- Why sustainability matters for reducing poverty. Why reducing poverty matters for sustainability. - Joshua? Lonny? Joint presentation? (I'd be up for a joint presentation or panel - Chriswaterguy 02:13, 4 August 2008 (PDT))
- Open Access - why it matters, how it differs from free content. - IJSLE people? (note Workshop #3: Online Publications)
- OLPC content jam - work on developing content bundles (and we can talk about activity bundles - separate workshop if there's a critical mass of people.) Appropedia's OLPC bundle is one example, and that's one place for developing appropriate content intended for the OLPC.
- Intellectual property and openness - profit and sharing knowledge. - Joel?
- Open hardware - OSE folks? Panel/joint presentation with Joel? And/or video presentation from Vinay?
- Open Sustainability Network/Constituencies Who are the players in OSN, and how do their views differ? CurtB Rachelmmurray (interested in helping with this)
William George Paul, Publisher / Owner: PlanetShifter.com and the companion eMagazine: GreenCatcherUnion.com. We want creative green people from across the planet to share their work, offer critique and form new bonds and enterprises from the four disciplines: musicians, artists, writers and inventors.
- To William: are you proposing to attend and present on this topic? If not, then this information should be on a different page. You could create an article about your Organization(s), and tag as such.
- Open Source Ecology - presentation by Richard Schulte & Michael Koch
Note: it would be good to talk about degrees of openness - from closed, through open access to free content. But we don't want to have too many talks on related areas, so it should perhaps be integrated somehow, or made into part 2 of a talk.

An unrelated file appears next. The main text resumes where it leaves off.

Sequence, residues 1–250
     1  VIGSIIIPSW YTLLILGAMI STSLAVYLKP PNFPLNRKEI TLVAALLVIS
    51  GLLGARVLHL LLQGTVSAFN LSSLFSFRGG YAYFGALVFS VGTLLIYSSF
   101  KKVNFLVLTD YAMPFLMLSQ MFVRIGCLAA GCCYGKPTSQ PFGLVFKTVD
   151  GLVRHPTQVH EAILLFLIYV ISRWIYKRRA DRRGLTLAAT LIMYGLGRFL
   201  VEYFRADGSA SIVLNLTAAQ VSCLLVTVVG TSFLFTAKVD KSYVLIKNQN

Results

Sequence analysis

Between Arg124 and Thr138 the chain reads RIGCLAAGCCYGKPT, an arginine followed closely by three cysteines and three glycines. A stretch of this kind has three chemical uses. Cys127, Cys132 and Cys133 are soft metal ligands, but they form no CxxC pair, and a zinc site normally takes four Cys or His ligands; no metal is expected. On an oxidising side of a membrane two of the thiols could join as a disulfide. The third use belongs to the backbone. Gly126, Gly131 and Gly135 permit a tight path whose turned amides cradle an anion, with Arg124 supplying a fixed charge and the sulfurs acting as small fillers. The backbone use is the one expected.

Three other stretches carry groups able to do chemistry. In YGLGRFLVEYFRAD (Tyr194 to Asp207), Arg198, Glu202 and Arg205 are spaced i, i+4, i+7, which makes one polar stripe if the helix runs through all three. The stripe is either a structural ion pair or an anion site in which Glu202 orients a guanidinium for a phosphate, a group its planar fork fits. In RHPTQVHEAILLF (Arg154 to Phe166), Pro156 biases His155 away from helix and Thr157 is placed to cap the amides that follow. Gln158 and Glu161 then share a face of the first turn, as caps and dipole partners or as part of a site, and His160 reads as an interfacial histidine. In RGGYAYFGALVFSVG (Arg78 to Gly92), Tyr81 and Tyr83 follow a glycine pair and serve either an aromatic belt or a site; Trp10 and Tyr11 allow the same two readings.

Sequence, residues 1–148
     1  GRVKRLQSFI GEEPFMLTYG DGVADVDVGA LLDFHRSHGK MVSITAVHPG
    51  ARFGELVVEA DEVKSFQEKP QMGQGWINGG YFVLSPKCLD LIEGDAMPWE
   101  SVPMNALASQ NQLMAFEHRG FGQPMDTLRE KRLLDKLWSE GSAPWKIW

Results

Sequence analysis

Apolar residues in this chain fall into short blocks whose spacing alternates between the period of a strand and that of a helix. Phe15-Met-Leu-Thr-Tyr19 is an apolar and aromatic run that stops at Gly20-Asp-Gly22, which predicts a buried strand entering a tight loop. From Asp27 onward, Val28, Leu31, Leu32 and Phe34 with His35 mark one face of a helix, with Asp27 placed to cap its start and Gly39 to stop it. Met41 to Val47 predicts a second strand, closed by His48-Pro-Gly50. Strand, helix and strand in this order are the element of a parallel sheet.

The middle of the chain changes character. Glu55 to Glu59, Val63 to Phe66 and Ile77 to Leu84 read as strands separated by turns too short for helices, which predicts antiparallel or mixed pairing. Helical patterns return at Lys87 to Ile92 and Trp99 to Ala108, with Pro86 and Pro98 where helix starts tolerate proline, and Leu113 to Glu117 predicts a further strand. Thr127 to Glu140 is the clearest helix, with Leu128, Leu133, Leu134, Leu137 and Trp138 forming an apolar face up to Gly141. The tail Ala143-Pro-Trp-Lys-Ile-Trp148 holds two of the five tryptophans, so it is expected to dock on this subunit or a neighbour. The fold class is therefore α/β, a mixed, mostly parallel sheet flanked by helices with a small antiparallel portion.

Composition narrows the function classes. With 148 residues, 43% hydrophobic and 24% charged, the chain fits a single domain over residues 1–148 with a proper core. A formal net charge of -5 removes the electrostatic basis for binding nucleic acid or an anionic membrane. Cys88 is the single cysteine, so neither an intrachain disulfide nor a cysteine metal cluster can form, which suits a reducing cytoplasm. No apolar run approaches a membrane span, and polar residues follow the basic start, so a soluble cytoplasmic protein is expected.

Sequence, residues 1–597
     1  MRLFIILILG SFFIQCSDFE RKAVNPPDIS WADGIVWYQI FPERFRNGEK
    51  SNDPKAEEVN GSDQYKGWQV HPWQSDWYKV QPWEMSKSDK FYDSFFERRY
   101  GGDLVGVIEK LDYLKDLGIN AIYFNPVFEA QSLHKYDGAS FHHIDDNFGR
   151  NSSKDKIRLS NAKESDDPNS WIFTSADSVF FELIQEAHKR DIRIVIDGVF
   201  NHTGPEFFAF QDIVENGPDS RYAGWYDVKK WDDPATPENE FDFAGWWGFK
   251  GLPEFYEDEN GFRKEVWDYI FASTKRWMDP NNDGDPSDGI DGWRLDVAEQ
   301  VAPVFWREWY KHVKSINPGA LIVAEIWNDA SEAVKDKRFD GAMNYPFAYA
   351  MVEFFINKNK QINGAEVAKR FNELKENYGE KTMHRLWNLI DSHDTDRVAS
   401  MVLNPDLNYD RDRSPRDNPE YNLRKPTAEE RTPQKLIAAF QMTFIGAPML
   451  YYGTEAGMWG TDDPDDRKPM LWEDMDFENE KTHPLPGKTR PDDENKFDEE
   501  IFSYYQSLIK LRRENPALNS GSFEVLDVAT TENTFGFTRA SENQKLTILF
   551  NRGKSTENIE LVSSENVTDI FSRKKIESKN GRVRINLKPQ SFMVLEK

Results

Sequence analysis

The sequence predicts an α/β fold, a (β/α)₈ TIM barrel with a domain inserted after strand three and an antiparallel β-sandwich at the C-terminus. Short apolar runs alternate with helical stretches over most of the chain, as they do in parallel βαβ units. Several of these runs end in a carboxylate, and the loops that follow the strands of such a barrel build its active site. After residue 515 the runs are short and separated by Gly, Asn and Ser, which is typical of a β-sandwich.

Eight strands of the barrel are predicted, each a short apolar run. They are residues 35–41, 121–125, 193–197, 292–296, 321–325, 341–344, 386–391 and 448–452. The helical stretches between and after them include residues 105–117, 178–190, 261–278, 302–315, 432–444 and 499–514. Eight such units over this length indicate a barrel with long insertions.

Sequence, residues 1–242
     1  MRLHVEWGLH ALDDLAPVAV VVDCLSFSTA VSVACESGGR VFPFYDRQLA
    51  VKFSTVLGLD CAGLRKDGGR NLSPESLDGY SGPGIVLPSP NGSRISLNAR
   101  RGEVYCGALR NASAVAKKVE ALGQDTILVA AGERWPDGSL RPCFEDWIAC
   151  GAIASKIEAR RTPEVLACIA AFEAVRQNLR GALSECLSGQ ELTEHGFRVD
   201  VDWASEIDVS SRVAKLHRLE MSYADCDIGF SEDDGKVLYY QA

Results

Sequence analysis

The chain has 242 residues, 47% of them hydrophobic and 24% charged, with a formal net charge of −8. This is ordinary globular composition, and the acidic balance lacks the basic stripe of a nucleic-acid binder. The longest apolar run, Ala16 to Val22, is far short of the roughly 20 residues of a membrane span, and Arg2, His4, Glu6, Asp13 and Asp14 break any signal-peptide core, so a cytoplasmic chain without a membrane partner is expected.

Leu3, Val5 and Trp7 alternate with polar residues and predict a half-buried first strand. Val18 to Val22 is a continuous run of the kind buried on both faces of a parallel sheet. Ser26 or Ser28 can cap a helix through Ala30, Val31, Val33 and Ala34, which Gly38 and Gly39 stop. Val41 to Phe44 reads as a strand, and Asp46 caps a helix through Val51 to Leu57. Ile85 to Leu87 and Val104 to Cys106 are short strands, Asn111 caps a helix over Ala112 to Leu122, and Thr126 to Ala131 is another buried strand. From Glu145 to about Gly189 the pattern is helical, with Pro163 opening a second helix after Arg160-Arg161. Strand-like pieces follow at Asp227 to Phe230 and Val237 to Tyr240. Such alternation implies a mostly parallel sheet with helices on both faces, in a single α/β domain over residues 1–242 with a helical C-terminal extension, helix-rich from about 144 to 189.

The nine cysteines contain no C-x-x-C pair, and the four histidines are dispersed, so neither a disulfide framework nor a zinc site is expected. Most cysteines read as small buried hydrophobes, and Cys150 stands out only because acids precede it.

- Card sorting workshop - getting people from the target audience to arrange a set of cards (yes, the physical objects) with topics etc, how they think the material fits together logically. See
- http://www.standagainstpoverty.org/ is occurring on this weekend (Oct 17-19)
- Bottom of the Pyramid - Ryan? (not attending)
- Public Domain Search --Chriswaterguy 02:13, 4 August 2008 (PDT)
- ICT4D - presenter: (Mel would have ideas but is not attending)
- Appropriate technology - what makes it "appropriate"? - Lonny?
- How open information and communication technology facilitates sustainable mobility - Drawing on lessons from Google Transit, publicly available GTFS feeds, Trimet's developer.trimet.org and their leading practices of open data sharing. By Aaron Antrim, of Green Wheels and Trillium. See also open data.
Length of presentations[edit | edit source]
At BarCampSydney2008, it was felt that the scheme of 20 min per talk on Saturday, and 30 min per talk on Sunday, worked well.
Double blocks are possible, but these should be used sparingly. If it's possible to do it in a shorter slot that's better, and a breakout can follow if people want to continue. (Or schedule it before lunch or dinner).
20 minutes is more than enough time to be talked AT. However, for working together and real discussion, 20 minutes is way too short. 30 minutes minimum, and 45 is better. NurtureGirl 16:52, 16 October 2008 (UTC)